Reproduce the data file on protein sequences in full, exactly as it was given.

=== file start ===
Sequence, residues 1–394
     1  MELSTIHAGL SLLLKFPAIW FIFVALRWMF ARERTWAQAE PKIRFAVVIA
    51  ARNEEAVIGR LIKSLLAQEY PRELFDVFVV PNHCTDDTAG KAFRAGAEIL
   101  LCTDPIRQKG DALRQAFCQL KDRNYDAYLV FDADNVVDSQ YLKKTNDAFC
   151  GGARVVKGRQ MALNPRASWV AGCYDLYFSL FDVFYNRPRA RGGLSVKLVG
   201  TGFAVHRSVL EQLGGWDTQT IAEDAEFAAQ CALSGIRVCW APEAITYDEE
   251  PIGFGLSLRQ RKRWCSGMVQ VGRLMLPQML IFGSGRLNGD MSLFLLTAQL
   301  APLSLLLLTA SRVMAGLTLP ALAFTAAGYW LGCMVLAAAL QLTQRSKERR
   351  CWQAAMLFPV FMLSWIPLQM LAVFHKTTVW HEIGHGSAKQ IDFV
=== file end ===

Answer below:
Sequence, residues 1–394
     1  MELSTIHAGL SLLLKFPAIW FIFVALRWMF ARERTWAQAE PKIRFAVVIA
    51  ARNEEAVIGR LIKSLLAQEY PRELFDVFVV PNHCTDDTAG KAFRAGAEIL
   101  LCTDPIRQKG DALRQAFCQL KDRNYDAYLV FDADNVVDSQ YLKKTNDAFC
   151  GGARVVKGRQ MALNPRASWV AGCYDLYFSL FDVFYNRPRA RGGLSVKLVG
   201  TGFAVHRSVL EQLGGWDTQT IAEDAEFAAQ CALSGIRVCW APEAITYDEE
   251  PIGFGLSLRQ RKRWCSGMVQ VGRLMLPQML IFGSGRLNGD MSLFLLTAQL
   301  APLSLLLLTA SRVMAGLTLP ALAFTAAGYW LGCMVLAAAL QLTQRSKERR
   351  CWQAAMLFPV FMLSWIPLQM LAVFHKTTVW HEIGHGSAKQ IDFV